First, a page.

10. “It’s going to be very hard to unseat bitcoin as a store of value, because it’s got a 14-year brand, and there’s a finite supply. Ethereum has the lead in terms of smart contracts, in terms of commerce. But Facebook was not the first social network, it was number 11, and Yahoo may have invented the search engine, but we all know what happened with Google versus Yahoo. It’s just not probable in my mind that Ethereum is gonna be the ultimate winner.”
Charlie Munger – Berkshire’s 97-year-old vice-chairman – also defended “big tech” companies from claims they need to be broken up, and warned that unchecked federal spending will ultimately end in disaster.
Here are Munger’s 16 best quotes from the meeting, lightly edited and condensed for clarity:
1. “It’s crazy to think anybody is going to be smart enough to hug the money and then just come out on the bottom tick in some crazy crisis and spend it all. That’s too tough a standard. Anybody who expects that of Berkshire is out of his mind.” – dismissing the idea that Berkshire could have deployed a large chunk of its cash pile when markets tanked last spring.
3. “I would not like to see our present giants brought down to some low level based on any competitive reasoning. I don’t think they’re doing a lot of harm to any competitor. I think they’re a credit to the market, credit to our civilization.” – arguing against breaking up the “big tech” companies.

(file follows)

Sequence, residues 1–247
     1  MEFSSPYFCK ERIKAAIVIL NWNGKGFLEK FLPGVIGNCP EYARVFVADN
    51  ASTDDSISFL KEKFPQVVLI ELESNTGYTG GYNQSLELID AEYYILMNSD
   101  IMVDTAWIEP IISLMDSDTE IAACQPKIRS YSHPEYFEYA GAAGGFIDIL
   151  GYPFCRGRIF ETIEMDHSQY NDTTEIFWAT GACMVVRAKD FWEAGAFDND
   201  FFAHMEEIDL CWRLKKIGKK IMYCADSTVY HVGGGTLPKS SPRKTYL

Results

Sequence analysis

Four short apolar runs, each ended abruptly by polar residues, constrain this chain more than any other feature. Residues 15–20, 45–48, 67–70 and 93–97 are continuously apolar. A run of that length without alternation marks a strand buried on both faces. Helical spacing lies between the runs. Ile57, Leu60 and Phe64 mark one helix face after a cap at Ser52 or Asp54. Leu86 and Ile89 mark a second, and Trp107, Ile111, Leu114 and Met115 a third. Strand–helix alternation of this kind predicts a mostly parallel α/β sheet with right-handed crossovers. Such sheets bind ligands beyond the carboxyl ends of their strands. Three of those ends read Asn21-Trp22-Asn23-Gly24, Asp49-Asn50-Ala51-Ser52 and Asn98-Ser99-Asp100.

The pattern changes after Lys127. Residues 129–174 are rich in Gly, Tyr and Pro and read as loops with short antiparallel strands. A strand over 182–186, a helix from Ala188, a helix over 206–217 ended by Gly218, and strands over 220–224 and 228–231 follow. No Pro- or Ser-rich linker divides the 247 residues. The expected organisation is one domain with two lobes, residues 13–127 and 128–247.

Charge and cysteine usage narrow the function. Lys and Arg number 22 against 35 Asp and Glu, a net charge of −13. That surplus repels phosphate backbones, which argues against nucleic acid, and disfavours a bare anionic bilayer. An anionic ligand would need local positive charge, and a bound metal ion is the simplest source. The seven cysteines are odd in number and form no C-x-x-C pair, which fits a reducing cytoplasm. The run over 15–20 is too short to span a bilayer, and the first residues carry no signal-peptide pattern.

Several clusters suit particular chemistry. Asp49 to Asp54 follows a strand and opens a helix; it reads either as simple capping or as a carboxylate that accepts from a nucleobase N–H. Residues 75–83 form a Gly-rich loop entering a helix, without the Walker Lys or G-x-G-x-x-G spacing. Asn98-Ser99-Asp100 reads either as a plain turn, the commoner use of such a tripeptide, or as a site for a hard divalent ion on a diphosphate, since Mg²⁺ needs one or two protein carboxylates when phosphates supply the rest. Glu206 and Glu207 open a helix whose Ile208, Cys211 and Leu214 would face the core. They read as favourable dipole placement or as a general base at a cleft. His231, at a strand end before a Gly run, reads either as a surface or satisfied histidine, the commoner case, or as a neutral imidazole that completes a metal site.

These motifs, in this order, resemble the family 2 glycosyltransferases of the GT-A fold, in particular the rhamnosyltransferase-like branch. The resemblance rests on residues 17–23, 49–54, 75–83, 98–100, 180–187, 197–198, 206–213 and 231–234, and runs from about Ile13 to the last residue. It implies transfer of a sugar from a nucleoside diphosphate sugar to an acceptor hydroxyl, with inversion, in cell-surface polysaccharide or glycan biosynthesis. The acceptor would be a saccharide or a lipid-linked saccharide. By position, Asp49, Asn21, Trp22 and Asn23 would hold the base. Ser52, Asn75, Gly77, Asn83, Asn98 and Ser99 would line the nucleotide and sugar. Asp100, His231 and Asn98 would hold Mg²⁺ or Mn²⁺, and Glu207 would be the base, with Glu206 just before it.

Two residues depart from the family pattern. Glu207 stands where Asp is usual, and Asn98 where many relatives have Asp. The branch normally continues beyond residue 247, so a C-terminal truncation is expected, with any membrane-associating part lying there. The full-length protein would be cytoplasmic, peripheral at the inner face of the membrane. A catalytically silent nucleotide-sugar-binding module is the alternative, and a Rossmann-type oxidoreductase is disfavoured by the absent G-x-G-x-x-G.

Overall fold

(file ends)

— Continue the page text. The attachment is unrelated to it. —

4. “There’s a good chance that this extreme conduct is more feasible than everybody thought. But I do know if you keep just doing it without any limit, that it will end in disaster.” – suggesting that loose monetary and fiscal policy may be more sustainable than feared, but it can’t go on forever.
5. “It’s a moral failing to some extent. The easy money made by things like SPACs and derivatives and so on – you push that to excess, it causes horrible problems with civilization. It reflects no credit on the people who are doing it and no credit on the regulators and monitors that will allow it. It’s not just stupid, it’s shameful.”
6. “I don’t mind the poor fish that gamble. I don’t like the professionals that take the suckers.” – emphasizing that he’s far less concerned about amateur investors speculating than the trading apps taking advantage of them.